Chicago Sun-Times

Ride Trivia Quiz Answer

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When U-2's Bono sings about streets that have no name, what streets is he talking about?

The answer is the streets of Belfast, Northern Ireland. Walter Brzeski of Chicago was the first with the right answer.

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Mary --

I heard you on WTTW-TV Chicago Tonight (9/3/10), discussing Supt. Weis' secret meeting with gang leaders, and I give you a gold star for at least mentioning the words, "legalizing drugs" in the context of what needs to be done to stop the gangs and gang violence. You correctly pointed out that it is not within the authority of Supt. Weis to "legalize drugs," because that is a "political decision," not a law-enforcement issue.

You make a great point that rather mimics the comment made by Carol Marin a month or two ago in the midst of horrible Chicago violence when she, Ald. Fritchey and Mike Flannery et al. were discussing gang violence on WTTW and Ald. Fritchey raised the "legalize drugs" issue which was "off topic" but Ald. Fritchey had brought the obviously relevant issue up. Carol commented, "What is the correct venue to raise the issue of drug legalization?" Carol's question went unanswered.

I've spent over 20 years trying to find the answer to that question -- because drug legalization is a huge part of the answer.

Your comment just underscored for me that the people who have the authority and power to do something about drug policy are not even in the loop, on the hot seat, and not even invited to be on the WTTW show (Chicago Tonight) to be forced to take a position publically (for or against the drug war)!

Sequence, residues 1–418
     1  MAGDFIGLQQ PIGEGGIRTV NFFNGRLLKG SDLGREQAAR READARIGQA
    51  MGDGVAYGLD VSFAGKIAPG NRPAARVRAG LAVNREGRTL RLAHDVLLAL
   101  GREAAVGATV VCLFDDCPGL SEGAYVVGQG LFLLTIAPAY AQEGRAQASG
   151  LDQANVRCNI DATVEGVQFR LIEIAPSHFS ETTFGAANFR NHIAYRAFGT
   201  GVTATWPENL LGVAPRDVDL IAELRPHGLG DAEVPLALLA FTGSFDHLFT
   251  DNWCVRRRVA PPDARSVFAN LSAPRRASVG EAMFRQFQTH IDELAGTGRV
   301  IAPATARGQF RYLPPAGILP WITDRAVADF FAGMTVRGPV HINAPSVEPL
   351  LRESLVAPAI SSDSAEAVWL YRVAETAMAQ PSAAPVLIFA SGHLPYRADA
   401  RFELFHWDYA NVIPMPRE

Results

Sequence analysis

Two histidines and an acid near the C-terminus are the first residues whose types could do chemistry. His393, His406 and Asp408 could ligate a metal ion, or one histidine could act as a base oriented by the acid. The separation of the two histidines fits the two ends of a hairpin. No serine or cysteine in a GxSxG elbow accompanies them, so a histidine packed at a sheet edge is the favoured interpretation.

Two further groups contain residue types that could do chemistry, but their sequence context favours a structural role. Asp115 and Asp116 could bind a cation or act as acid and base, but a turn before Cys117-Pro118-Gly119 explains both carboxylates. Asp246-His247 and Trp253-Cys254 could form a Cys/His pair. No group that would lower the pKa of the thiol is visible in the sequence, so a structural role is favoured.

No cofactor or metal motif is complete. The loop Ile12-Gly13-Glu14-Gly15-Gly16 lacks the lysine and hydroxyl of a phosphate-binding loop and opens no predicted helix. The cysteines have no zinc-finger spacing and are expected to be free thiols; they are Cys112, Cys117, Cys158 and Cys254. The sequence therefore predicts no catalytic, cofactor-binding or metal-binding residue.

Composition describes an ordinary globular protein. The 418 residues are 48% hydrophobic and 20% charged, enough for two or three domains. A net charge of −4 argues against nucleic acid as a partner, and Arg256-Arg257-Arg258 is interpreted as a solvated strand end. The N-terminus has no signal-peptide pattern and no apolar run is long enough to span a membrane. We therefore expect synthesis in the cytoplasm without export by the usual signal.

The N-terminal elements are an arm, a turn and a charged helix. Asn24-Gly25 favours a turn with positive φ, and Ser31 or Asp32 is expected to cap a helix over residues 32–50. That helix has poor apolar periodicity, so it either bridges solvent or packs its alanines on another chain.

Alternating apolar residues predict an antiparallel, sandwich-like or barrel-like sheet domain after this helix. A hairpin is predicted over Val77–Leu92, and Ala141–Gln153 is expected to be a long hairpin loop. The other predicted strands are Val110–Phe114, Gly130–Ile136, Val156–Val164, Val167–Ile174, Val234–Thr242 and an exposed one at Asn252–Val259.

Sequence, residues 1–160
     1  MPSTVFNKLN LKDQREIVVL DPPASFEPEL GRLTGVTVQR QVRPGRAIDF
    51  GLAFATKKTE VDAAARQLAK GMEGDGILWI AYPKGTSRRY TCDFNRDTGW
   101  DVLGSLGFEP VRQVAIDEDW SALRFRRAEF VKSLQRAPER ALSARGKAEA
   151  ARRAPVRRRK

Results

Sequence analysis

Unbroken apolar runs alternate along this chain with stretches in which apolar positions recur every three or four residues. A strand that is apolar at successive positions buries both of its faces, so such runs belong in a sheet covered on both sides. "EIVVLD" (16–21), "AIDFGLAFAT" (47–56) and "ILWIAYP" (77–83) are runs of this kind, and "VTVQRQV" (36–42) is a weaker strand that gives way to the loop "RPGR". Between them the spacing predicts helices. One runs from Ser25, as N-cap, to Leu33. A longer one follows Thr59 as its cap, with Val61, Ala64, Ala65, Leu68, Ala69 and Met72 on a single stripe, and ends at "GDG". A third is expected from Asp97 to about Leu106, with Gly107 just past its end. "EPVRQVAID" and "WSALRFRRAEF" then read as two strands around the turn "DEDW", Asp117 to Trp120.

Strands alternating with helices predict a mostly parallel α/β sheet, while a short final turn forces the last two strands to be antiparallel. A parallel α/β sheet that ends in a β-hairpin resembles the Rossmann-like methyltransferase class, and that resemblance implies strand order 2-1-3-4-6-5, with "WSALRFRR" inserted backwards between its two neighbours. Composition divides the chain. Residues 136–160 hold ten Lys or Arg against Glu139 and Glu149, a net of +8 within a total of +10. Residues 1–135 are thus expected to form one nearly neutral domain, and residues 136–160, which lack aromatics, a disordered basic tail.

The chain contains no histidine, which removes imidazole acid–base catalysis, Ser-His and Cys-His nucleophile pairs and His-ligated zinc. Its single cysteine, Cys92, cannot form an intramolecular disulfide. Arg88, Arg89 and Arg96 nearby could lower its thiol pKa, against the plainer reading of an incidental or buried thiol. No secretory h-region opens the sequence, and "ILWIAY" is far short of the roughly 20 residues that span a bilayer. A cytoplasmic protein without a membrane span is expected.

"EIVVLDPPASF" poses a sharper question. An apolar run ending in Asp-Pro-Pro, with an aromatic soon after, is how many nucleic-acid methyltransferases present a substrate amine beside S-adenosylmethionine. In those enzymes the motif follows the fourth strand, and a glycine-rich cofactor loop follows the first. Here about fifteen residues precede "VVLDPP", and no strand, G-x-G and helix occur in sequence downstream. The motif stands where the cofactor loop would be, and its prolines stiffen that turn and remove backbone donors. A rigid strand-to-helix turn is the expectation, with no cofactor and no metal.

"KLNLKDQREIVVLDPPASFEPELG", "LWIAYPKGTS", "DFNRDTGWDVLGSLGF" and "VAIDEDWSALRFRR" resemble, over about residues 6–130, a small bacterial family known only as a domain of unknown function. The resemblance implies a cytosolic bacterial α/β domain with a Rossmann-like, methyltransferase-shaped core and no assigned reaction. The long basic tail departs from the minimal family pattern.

Two Chicago alderman (Munoz and Fioretti) and Tio Hardiman of CeaseFire, all trying to stop the violence, are in attendance to discuss Weis' new strategy to engage gang leaders to stop the violence, but they have no power to change drug policy and are not even asked the drug war question (For or against?) It's not as easy as it once was to just mouth the old standard, "I'm for a "balanced approach" of prevention, treatment, education and law-enforcement. Drug war has historically served to collect the pols votes, but soon drug-war support will start costing pols votes.

Drug prohibition is a federal policy. Drug war is a creation of Congress. And the states have followed the federal zero-tolerance nonsense, but the Supremacy Clause of the U.S. Constitution makes drug policy first and foremost a federal question. Yet, no Chicago talk show is inviting Danny Davis, or Bobby Rush, or Judy Biggert, or Sen. Durbin or Sen. Burris to ask -- "What do you think we must do to stop the violence in Chicago? Legalize drugs? More police? (That's a local municipal issue) More funding for CeaseFire (That's a state issue).

Of course, one can run for Governor and try to discuss drug policy to stop violence, stop prison growth, and fund education but it's tough to even get in the debates to raise the drug issue. And is it really a governor/state issue? Arguably not.

What is the proper venue to raise and debate the political issue: "Should drugs be legalized to stop the flow of uncontrolled and unregulated drugs, gangs, gang violence and addict crime?"

Please tell me -- What's the forum? How does one get there? What's the proper mode of transportation?

James E. Gierach

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This page contains a single entry by Mary Wisniewski published on August 30, 2010 1:01 AM.

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